The last programme Natalia Osipova commissioned at Sadler’s Wells was tenacious but shaky, the Royal Ballet superstar storming the stage with then-boyfriend Sergei Polunin and a trio of hit-and-miss contemporary numbers. This time around, the commissions are stronger and the performances steadier. The six works of “Pure Dance” mix classical variations alongside brand-new solos and duets, with choreography from established dancemakers and emerging artists alike. It’s a lot of faces to try on in one night, but Osipova moves between the disparate routines like a chameleon, demonstrating the expansive versatility of her talent and how eager she is to branch out in the contemporary sphere while continuing to dominate the ballet one.
The main pas de deux from Anthony Tudor’s 1975 ballet “The Leaves are Fading” marks the programme’s lone legacy piece, an autumnal swirl of pale lights and bittersweet brushes with romance. Osipova looks right at home with the variation’s nimble footwork and light-as-air grande jetés (180 degrees of course), and finds a neat partner in American Ballet Theatre’s David Hallberg, whose tall stature complements rather than overwhelms her tiny frame. His turns look a touch unsteady—a vestige of the foot injury that kept him off the stage for the past two-plus years, perhaps?—but his focus is unwavering, conjuring a stalwart counterpart to Osipova’s buoyant soubrette.
Iván Pérez’s “Flutter,” a new duet created on Osipova and New Movement Collective founder Jonathan Goddard, demands a swap to bare feet and pedestrian strides—an about-face she happily obliges. The number is not as jolly as its title suggests, but it’s definitely as spry, the pair darting in and out of shadows, flicking and swinging their limbs. The first half sees them operate side by side, like atoms zooming around the same orbit, while its denouement ushers in lush, joyful partnerwork replete with lively lifts. Goddard outstrips Osipova in his easy, instinctive swagger, but only just.
“Six Years Later,” a 2011 piece by Roy Assaf, provides another dash of levity, though it’s tension that takes centre stage. Osipova and American dancer Jason Kittelberger play lovers with a deliberately vague relationship, clenched together by a shadowy history of combat and confession, ardour and apology. An early tangle to Beethoven’s Moonlight Sonata draws melting, cheek-to-cheek embraces; later they spar, bumping chests and sliding into each other’s blank spaces. A jarring shift to jangly rock hastens the volatility, prompting a tussling sequence in which Osipova wields Kittelberger’s body like a puppet, an interesting flip on the classic man/woman pairing. It’s highly stylised stuff—one of the more spirited pieces on show, though also one of the affected ones. It takes visible effort for Osipova to appear spontaneous and unconstrained in this contemporary context.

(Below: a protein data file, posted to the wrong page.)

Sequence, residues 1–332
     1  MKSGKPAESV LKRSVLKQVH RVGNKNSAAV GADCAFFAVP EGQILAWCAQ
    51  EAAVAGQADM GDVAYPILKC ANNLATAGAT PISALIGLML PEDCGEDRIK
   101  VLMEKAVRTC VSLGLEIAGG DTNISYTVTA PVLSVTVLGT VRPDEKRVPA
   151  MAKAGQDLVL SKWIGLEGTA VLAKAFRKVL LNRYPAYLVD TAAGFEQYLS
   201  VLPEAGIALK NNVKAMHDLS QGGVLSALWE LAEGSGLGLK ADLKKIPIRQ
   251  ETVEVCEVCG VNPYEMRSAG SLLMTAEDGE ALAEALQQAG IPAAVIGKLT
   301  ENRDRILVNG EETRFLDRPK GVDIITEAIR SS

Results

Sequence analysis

Such pretensions are dropped in Alexei Ratmansky’s “Valse Triste,” a fluid, mournful waltz that privileges classical pointework and pulls off high drama all the same. Osipova is in her element, pitching sleek, brisk leaps alongside the softest of glides, and Hallberg also shows fine form, ensnaring his partner in commanding, borderline desperate cradles. Their timing is brilliant and their chemistry even better: for the first time in the programme, our star looks entirely at ease with both the material and her partner.
Two solos round out the bill. Kim Brandstrup’s “In Absentia” is dotted with theatrical flourishes, including a bright-glowing TV that projects David Hallberg’s supersized shadow onto the backdrop. Moody brooding is the M.O. here, the choreography calling for brandished jumps and limbs flung in frustration. Hallberg nails the swivelling torso, chucking his arms forward and letting his body knock on naturally, though his slides are not so organic, more cautious than carefree.
Osipova, on the other hand, shows no hesitation in Yuka Oishi’s “Ave Maria,” which unapologetically posits her as saintly and statuesque: Our Lady of Aplomb. Cloaked in white chiffon, she wrenches her torso and cocks her heels, clutching at an invisible, ethereal pain. The gusts of emotion that pass over her face mostly skirt the right side of melodrama, though a slushy soap opera intensity rears its head now and then.
This eager embrace of theatricality is a huge part of Osipova’s charm: she always commits to her material, whether it’s “Swan Lake” or an experimental creation. The results can vary, but audiences consistently appreciate her as more than just the sum of her (rather luminary) technical parts.
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